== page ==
February 3, 2013

God and Gender/Sex

So-called inclusive language has long been an issue within The Episcopal Church. Although it is a topic of indifference to many, others are passionately devoted or opposed to purging liturgical material of “unnecessary” gender references.

The issue of inclusive language is really two issues. The less incendiary matter is the one raised by twentieth-century feminists about language generally. No longer is a sentence like “Everyone ate his meal” socially acceptable when the diners may be either male or female. Non-inclusive liturgical references of this sort are disappearing, but only gradually. What many would consider sexist references are not to be found in the Rite II Holy Eucharist in the 1979 Book of Common Prayer. Nevertheless, the phrase “all men” appears in the Rite I versions of Daily Morning and Evening Prayer, occurs three times in the Rite I Holy Eucharist, and appears in the Form Two version of The Reconciliation of a Penitent. (It also occurs in the Historical Documents section of the prayer book, but those occurrences are, well, historical.) I suspect that such occurrences will not make it into the next prayer book whenever it makes its appearance.

A good deal of effort went into scrubbing The Hymnal 1982 of sexist language, but the effort was less than thoroughgoing, and the results are mixed. For example “Rise up, O men of God!” has become “Rise up, ye saints of God!” (#551). This works at one level, though I’m sure some consider the revised hymn wimpier than the original. Other changes are a less likely to be lamented. In “Stand up, stand up, for Jesus” (#561),  “ye that are men now serve him” has become “ye that are his now serve him,” which actually makes more sense. “God rest you merry, Gentlemen” (#105) was, sensibly, left alone. (Do read the Wikipedia entry for this popular carol, which provides useful clarification of the song’s first line.) But, inexplicably, “He who would valiant be” (# 565) is unchanged from The Hymnal of 1940. (Actually, if one substitutes feminine for masculine pronouns and substitutes “they” for “men,” the hymn becomes a kind of muscular feminist Christian hymn. Making the text gender-inclusive, however, might be hard.)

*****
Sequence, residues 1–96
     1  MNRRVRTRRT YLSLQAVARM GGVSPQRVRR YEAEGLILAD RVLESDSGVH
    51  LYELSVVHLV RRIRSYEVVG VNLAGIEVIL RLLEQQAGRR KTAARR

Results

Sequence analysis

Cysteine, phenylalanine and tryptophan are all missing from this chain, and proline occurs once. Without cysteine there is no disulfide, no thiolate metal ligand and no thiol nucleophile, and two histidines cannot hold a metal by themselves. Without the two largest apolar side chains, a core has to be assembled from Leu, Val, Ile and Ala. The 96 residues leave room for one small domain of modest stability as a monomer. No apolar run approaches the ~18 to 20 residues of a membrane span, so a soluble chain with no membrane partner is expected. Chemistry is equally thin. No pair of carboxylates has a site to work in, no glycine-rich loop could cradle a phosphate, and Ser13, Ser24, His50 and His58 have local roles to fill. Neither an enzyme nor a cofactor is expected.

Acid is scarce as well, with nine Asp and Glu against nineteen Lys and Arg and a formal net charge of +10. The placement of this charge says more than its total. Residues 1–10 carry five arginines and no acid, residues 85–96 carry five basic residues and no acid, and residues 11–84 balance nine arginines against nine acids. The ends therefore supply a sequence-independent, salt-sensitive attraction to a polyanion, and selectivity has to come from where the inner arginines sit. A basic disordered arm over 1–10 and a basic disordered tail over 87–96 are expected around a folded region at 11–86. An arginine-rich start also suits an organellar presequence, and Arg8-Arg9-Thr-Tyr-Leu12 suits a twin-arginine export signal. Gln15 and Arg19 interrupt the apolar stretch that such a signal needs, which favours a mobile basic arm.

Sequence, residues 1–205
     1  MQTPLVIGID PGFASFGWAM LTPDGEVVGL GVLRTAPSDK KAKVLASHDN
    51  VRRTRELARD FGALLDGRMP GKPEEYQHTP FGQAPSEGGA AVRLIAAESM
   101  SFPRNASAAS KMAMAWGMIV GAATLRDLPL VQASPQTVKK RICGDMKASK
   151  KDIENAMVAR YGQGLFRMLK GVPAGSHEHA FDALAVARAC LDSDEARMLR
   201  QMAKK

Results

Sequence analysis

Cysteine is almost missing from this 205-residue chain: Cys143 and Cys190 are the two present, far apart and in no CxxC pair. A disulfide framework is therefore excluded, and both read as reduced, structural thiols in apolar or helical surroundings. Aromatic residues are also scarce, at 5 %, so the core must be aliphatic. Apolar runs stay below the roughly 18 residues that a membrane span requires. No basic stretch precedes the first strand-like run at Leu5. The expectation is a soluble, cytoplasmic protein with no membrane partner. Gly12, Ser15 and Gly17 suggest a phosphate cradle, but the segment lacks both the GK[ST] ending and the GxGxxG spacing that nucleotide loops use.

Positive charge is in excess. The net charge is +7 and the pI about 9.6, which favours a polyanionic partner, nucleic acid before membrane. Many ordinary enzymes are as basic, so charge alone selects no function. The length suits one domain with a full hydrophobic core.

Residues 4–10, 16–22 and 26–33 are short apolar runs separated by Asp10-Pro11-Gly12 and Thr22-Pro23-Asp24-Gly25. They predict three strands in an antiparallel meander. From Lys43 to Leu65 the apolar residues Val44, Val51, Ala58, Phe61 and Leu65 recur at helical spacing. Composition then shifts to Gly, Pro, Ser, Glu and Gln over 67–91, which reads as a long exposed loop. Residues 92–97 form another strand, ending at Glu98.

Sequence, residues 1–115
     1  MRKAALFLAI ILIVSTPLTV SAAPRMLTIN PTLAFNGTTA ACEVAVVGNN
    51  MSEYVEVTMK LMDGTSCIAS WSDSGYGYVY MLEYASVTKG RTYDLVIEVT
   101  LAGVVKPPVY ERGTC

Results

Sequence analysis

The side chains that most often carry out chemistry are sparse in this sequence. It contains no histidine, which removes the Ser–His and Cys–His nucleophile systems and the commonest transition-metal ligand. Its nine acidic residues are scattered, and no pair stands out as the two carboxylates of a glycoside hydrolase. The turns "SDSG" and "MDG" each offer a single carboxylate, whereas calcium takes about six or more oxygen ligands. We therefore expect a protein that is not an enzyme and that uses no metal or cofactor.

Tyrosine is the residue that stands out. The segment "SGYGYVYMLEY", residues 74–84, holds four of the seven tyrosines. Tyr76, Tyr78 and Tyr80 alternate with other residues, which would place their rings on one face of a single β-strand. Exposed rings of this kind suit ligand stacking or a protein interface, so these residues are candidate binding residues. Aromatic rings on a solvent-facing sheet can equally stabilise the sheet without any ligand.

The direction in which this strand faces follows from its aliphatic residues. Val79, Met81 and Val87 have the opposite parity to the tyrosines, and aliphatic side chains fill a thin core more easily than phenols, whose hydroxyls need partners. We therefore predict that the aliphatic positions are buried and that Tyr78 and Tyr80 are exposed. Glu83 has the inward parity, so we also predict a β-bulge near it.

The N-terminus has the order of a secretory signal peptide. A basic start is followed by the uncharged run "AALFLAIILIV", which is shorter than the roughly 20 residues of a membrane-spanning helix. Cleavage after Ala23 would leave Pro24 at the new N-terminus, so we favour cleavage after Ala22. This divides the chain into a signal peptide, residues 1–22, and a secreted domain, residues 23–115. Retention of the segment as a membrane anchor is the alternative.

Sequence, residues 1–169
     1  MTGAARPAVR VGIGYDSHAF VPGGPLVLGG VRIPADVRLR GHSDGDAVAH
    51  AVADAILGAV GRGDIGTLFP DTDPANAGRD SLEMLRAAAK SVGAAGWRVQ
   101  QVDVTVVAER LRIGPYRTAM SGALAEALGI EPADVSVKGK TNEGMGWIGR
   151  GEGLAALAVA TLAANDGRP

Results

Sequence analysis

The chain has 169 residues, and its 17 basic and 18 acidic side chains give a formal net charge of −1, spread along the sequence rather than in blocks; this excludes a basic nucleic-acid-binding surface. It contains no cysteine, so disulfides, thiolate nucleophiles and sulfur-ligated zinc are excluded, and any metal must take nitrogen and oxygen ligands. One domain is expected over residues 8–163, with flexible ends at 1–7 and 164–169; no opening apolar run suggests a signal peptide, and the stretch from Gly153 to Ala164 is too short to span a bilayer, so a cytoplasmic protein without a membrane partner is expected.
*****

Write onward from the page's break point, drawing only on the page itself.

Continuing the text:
The inclusive-language crowd is well on its way to winning the battle to assure that men and women are treated as having equal standing in liturgical materials of The Episcopal Church. This is the direction in which the language is going, and the church is hardly in a position to buck the trend, even if Episcopalians wanted to do so.

Trefoil
The second type of inclusive language—the term doesn’t really fit well—has to do with the persons of the Trinity. This is where people can get very worked up, particularly conservatives, who seldom like any departure from the traditional. This area is a minefield, even for those who are neither far-right conservatives nor radical feminists.

Most Christians are probably willing to concede that God is not, in any usual sense, either male or female, that is, God does not really have a sex. Yet we traditionally refer to God as Father—as did Jesus—and refer to God as “him.” (Even the traditional usage is problematic when we think deeply about it. God has a son, but who is that son’s mother? If the Son and Father always existed, maybe “Son” is an unhelpful designation. I have more to say about this below.) If we take the sexless thing seriously, then, following the usual linguistic rules, we should refer to God as “It.” That’s never going to catch on, however, as it is too impersonal to capture our conception of God.